Amid calls to halt the season’s consumerism and face the racial problems that continue to plague our country almost 150 years after the Civil War, the marketing department at Lelo has decided that there’s no group more deserving of their attention than the disgraced (not to mention predominantly white) banking industry.
This news might have read as a political attack had the press release not made it abundantly clear how desperately out-of-touch the international pleasure company is.
“Pino is the first pleasure object ever created to satisfy the hedonistic sexual cravings and excesses exhibited by members of the financial world,” reads copy written by people still trapped in the 80s, somewhere between Ingeborg Day’s 9 1/2 Weeks and Tom Wolfe’s The Bonfire of the Vanities. The government bailouts of financial institutions in 2007 and 2008, the foreclosure crisis of 2010, the resulting Occupy movement — none of these things exist in their suspended reality.
In a completely tone-deaf reference to the American Recovery and Reinvestment Act of 2009 that was passed to alleviate the shockwaves of the Great Recession, Steve Thomson, head of marketing for Lelo, called the new $159 cock ring “the ultimate stimulus package.” Get it? Package?
Cue 99 percent of the population staring in complete disbelief.
“Bankers demand to be both the best inside the boardroom and the bedroom,” the press release elaborated, seemingly unaware of the $39 million settlement that Bank of America agreed to pay to some 4,800 female Merrill Lynch employees who endured the systemic sexism of the bank’s brokerage arm between 2007 and 2012.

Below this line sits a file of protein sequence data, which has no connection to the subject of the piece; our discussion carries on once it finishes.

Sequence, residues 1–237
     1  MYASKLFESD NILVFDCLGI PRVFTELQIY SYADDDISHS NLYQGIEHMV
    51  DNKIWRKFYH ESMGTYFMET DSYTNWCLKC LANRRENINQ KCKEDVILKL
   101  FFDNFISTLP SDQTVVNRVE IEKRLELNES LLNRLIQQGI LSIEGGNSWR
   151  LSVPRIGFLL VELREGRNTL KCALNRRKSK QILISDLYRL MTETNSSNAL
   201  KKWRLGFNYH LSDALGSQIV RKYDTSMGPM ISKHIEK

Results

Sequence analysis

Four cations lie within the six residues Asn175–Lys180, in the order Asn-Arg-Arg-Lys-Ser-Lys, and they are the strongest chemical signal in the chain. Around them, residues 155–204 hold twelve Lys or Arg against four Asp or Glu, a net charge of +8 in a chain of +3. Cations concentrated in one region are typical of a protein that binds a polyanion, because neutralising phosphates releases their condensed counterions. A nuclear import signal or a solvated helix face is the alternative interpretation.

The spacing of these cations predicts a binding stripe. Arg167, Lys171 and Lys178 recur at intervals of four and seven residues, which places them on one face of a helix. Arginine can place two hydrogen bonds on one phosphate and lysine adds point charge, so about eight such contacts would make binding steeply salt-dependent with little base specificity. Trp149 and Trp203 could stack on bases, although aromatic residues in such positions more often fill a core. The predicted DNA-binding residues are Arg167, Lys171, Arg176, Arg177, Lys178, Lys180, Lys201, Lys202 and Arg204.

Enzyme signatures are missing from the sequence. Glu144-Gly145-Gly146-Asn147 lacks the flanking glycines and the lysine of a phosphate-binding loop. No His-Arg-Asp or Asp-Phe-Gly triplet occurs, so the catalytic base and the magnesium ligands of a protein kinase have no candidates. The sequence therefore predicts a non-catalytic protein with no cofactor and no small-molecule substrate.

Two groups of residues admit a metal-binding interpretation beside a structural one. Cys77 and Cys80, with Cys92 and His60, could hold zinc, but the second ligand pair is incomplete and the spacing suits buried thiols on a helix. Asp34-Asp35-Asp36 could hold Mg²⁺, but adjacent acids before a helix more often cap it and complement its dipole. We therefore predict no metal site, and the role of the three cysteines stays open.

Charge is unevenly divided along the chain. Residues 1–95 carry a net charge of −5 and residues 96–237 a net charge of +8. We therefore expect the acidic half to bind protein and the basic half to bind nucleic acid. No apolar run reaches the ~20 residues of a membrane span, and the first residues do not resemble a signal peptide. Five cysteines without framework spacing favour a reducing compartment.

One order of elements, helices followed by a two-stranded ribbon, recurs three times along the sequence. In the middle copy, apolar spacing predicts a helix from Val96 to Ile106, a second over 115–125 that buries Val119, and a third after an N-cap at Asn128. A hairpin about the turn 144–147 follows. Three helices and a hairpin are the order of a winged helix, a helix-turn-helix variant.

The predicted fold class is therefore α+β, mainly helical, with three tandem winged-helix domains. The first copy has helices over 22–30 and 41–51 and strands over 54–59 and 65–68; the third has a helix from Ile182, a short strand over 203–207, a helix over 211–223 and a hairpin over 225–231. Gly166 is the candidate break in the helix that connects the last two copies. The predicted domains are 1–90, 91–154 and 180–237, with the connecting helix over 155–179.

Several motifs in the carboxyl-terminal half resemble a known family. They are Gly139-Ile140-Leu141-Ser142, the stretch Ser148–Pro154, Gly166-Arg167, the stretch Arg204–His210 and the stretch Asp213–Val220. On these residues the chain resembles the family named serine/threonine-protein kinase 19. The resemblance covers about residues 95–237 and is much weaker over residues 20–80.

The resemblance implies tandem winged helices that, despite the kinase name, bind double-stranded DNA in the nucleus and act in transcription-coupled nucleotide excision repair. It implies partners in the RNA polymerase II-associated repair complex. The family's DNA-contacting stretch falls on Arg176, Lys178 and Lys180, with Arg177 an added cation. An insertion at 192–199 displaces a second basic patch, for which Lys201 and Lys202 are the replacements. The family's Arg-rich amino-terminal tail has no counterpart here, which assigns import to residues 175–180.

The pleasure manufacturer cites sales figures as their inspiration for this new offering. According to their press release, six percent of their 2014 online sales were delivered to financial offices and stock exchanges. And since people in finance can only be men, the toy is designed to fit a penis and comes with a pair of cuff links.
Despite the ten different vibration settings that would otherwise make it an excellent contender in the couple’s toys space, the marketing campaign for Pino is unambiguous about who is meant to benefit. Pleasuring a woman means a standing invitation to her bed, but there’s no need to invest in infrastructure when a man can cheaply outsource, right? The toy can worry about her orgasm.
“Sex is like money,” one of the ads reads. “Whoever gets the most by doing the least wins.”
The boxed set also includes a money clip engraved with the words “Always Be Closing,” a phrase popularized by Alec Baldwin in the 1992 film Glengarry Glen Ross — amazingly Lelo stopped short of reissuing their Luna Beads as brass balls, though you do catch a glimpse of the suggestion in Pino’s promotional video.
“Sex positive! Inclusive! I mean, exclusively for bankers, but — somehow inclusive!” writes veteran sex toy reviewer Epiphora. Referring to the Pino video, she adds: “In the constructed reality of Pino, women are just fucktoys that shitty dudes take home after getting wasted. Women are disembodied ankles and bitches who flip men off (but secretly want to fuck them). Women are vessels upon which men project their egos. Women certainly aren’t bankers.”